Rap And Hip Hop Music

1177 Words5 Pages
Rap and hip hop music has evolved politically over the last decade; these genres have become major forces and influential factors for North American youth and young adults. Nas, a popular rap star, sold 1 million copies of his first album Illmatic by Dec. 2001, and by 2004 Nas released his 7th platinum album Street Disciple. The album street disciple contained a very political song titled American Way. The song showcases the negative outlook rap has against politics in its early stages as a genre. In addition, Lakeyta M Bonnet’s Book Pulse of the People: Political Rap Music and Black Politics, expresses the way hip hop music acts as a catalyst for the involvement of urban minorities in politics. While Paint the White House Black an…show more content…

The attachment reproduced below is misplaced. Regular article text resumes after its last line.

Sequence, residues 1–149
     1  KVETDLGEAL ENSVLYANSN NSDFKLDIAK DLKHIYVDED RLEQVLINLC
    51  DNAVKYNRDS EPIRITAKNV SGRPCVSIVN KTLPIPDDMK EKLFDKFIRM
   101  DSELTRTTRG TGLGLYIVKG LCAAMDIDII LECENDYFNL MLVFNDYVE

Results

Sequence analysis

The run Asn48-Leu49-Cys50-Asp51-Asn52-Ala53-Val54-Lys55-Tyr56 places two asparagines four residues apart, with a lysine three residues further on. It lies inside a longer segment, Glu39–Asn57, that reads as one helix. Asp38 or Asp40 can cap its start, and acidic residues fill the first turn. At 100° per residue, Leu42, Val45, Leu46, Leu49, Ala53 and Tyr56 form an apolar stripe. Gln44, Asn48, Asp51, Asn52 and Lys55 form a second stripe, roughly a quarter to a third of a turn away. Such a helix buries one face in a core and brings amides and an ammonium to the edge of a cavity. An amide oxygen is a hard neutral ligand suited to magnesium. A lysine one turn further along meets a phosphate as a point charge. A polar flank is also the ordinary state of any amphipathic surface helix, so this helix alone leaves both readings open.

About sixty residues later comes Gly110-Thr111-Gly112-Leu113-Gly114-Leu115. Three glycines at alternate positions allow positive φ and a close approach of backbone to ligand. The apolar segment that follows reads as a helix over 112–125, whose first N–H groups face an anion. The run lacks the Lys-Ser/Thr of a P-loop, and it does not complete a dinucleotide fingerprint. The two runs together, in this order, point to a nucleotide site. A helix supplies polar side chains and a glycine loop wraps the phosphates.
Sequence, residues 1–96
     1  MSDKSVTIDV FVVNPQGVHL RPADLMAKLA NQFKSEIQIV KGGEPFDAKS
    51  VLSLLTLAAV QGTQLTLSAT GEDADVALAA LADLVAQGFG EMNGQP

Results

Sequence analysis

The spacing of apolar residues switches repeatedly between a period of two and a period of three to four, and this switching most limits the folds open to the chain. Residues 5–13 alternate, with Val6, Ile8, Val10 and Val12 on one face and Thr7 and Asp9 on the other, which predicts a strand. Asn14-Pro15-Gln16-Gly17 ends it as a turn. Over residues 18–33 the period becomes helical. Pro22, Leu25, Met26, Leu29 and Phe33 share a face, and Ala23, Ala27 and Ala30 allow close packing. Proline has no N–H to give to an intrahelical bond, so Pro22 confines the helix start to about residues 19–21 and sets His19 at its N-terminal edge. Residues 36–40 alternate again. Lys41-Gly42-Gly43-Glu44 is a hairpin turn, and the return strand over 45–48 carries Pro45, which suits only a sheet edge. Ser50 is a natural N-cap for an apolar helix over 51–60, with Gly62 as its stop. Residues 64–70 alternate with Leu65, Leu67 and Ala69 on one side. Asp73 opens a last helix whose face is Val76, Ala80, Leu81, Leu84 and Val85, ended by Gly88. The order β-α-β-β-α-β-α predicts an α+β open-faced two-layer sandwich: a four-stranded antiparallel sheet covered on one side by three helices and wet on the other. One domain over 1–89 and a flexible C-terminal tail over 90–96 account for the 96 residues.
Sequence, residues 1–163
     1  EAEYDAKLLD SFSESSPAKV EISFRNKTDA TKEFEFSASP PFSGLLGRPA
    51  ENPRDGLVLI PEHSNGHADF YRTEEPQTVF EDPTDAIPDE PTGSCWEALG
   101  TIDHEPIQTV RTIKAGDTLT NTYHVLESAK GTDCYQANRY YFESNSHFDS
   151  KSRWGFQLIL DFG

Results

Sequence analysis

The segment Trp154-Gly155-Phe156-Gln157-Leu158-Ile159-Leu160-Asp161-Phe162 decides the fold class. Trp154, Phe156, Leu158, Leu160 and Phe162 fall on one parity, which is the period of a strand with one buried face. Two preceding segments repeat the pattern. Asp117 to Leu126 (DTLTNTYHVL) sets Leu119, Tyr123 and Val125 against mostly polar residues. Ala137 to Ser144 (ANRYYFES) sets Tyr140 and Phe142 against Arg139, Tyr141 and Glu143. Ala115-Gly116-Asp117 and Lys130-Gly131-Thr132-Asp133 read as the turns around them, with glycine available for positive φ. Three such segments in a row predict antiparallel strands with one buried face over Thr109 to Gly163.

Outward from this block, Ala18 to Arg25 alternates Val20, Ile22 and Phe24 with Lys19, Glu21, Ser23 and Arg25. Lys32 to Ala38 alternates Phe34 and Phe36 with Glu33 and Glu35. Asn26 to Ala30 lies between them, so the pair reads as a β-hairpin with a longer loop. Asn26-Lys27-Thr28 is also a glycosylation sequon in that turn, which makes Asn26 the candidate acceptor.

Although the government tries to regulate it, they simply cannot and the two disciplines continue to clash. When Nas begins he talks about the black vote and how the black community does not take voting seriously. As a result the upper class automatically has the advantage in the poles because they are more likely to vote. He makes the argument that regardless of who votes the choices are only “Satan or Satan” (Nas 2004). He links the American government to Satan which brings the listener back to his view of the nation from the poverty stricken ghetto he grew up in. The reason people relate to Nas is because his music is real and describes real life situations from the shoes of African Americans, and minorities. However, his view is only negative toward the government. Nas continues on to say that his voice and his opinions would have been silenced ten years ago so the community must continue to push for their rights, take control of who’s in control. Nas speaks on how the government cannot handle the hood and does not know how to improve the situation so they over use the police. The police enforce the law which is broken daily in these “hoods” using violence and brutality to solve issues. Nas ends this verse by hoping for a true representative from his community in the government he wants “hood councilmen” (Nas 2004). Nas dives into race at the beginning of the second verse. He addresses women and how
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